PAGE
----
It has been a long time since I used a Heron style alarm, and recently ( whilst clearing through the loft) i found one of my old bite alarms. I marvelled at the technology that we used to use which in those days was, in effect, little more than a bent wire, a resistor, LED and buzzer. How things have changed. When I was a kid I remember opening a Christmas present one year to find a pair of Optonic bite alarms and being so proud and certain that I was going to catch more fish, alas it was not to be 🙂 the alarms don’t catch the fish the angler does. Still try telling that to an 11 year old.
Continue reading “Delkim Standard Plus long term review”
As a followup to the last bit of culinary advice I gave, I thought I would do a followup. Whilst I appreciate that if you are doing a long carp session such as a week in France ( or even 5 years) you might want to eat fresh food, for a quick overnighter freeze dried food cant be beaten. Then again our troops exist on these kinds of foods for months at a time and they seem to be doing perfectly fine. Anyway lets look at the food stuffs on the menu, we have 3 freeze dried foods and 1 boil in the bag / reheat. Continue reading “Eating on the bank part 2 – dried food ahead”
It has been a while since I did a review and so I thought I would take a quick look at an item of tackle that has really made my fishing easier, the korda krusha. Many of you may know that I love PVA bags almost every time I cast there is a bag or pva stick on the end as not only does it increase attraction it also protects your hook point and ensures that you hook is not masked by weed or chod.
Due to the above I really love making up stick mixes but disliked crumbing boilies. Whilst you can fish a stick mix that is completely different to your boilie I do like to ensure that there is a healthy amount of crumbled boilie in the stick as well. Depending on how hard your boilies are this can be done with your fingers but after 10-15 boilies you hands will quickly tire. In the past I used to prepare in the kitchen the night before with the blender but this can be problematic as you never know how much boilie crumb you might need.
Enter the Krusha !
Continue reading “Korda Krusha review”
Well after a previous post indicating how to make the “CV Safety Rig” with lead core I thought I would show you how it was meant to look. As I have now found a reliable source for “the bit” ( the black piece of curved metal in the pic above) I though I would make one up to show you all how it should look. Come back later for an in depth look at how to make one of these rigs from the components.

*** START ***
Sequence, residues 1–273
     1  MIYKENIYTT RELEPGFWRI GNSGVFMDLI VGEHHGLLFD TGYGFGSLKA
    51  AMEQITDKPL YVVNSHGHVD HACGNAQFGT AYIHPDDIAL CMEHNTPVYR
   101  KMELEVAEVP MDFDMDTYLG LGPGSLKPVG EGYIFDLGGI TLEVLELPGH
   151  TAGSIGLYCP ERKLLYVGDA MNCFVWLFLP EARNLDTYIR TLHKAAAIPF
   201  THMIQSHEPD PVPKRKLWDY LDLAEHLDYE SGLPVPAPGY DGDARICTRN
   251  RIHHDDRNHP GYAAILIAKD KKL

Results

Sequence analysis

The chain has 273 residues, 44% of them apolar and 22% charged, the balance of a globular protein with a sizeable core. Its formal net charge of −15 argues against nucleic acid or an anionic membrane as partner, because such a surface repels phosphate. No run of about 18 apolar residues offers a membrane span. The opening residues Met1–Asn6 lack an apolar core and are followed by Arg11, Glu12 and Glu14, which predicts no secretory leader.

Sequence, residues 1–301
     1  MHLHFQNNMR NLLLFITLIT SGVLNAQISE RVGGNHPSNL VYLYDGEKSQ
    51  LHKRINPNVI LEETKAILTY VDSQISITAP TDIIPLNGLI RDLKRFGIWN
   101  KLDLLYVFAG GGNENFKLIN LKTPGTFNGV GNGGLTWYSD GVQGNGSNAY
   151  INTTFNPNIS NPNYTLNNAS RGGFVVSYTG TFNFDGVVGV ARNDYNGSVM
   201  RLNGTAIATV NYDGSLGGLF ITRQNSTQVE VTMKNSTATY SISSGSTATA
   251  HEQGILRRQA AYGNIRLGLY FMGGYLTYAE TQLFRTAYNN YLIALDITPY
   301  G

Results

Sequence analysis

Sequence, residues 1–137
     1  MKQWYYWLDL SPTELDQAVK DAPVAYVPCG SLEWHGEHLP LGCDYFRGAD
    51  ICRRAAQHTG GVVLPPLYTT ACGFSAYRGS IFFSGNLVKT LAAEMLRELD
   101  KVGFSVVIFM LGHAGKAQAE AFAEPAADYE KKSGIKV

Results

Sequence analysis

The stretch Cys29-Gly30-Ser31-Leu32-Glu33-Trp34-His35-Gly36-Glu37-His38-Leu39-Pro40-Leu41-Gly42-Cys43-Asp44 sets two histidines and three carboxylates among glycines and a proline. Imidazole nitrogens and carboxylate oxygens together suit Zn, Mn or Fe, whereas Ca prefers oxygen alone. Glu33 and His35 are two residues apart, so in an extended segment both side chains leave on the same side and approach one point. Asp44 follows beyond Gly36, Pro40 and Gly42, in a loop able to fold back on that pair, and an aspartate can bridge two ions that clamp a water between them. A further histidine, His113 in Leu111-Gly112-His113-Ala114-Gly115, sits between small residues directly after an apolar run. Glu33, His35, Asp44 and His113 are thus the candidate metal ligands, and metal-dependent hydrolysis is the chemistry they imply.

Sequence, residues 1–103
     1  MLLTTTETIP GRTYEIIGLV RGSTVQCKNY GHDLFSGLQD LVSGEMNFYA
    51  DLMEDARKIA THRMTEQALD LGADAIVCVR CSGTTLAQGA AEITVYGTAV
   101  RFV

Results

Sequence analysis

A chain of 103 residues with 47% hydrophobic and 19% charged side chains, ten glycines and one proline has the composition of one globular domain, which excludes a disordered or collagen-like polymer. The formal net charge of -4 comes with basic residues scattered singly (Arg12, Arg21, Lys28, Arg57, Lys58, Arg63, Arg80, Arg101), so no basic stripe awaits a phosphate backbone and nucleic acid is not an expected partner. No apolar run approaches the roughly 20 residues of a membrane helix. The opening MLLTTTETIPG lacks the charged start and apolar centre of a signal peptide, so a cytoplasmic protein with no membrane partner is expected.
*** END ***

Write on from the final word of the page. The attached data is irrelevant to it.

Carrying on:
Note that this is the only time is it acceptable to super glue a bead to lead core, and if you make one from the picture above note that you only superglue the bottom bead. The top bead should be free to move and should slide freely over the join from leadcore to your mainline.
This is a subject which has been debated for many years and both barbed and barbless hooks certainly have their place in modern carp fishing. I believe that on the majority of waters and in the majority of angling situations, barbless hooks are better for the carp. Most fisheries these days have a rule governing the type of hooks that are allowed, I would say that the majority of waters have a barbless only rule, but some still rule in favour of barbed hooks – which is correct ?
There are several factors involved in why these rules are made, some of which are fact and some of which are speculative. Continue reading “Barbed hooks versus barbless hooks – which one is better for carp fishing”
Some of you may have noticed the odd comment on my blog from Jon Perkins who runs the site http://www.carp-fishing-holidays-france.com/ as Jon always has an interesting opinion I have asked him if he has any thoughts that he wanted to post here as a discussion article and to my delight Jon has agreed. So in the future look out for posts from Jon as he always has an interesting point to make and will make a valuable contribution to the site.
Welcome aboard Jon !
Preamble, I originally wrote this for Spiegel magazine last year and it was archieved in the articles section, however looking at my hits I can see that no one was able to find it so I thought I would recreate here as a post so that people can find it.
Introduction – CV Safety Rig
Please note I am not the originator of this rig, I am merely someone who cares about fish safety and wants to get the knowledge out to people that there are safer ways to fish leadcore helicopter rigs. On some of the lakes I fish I have seen some horrible contraptions all under the banner of helicopter rigs.
There are some disadvantages to this rig. Unlike the original CV safety rig, which used a piece of metal called “the bit” which was free to rotate around the lead core, and allow the hook link to spin ( hence the name helicopter rig), this is impossible with this setup. I have not, however, had tangle issues so far so I am not sure if it is worth investigating incorporating a piece of wire into this setup. I have found a source of the original “CV Bits” ( called rather helpfully – the bit ) from Harefield tackle the originator of the “CV” or Colne Valley brand. Check back here for a follow-up article on a rig using “the bit” and recreating a bit of history 🙂
Continue reading “CV Safety rig, the best way to make a leadcore helicopter rig”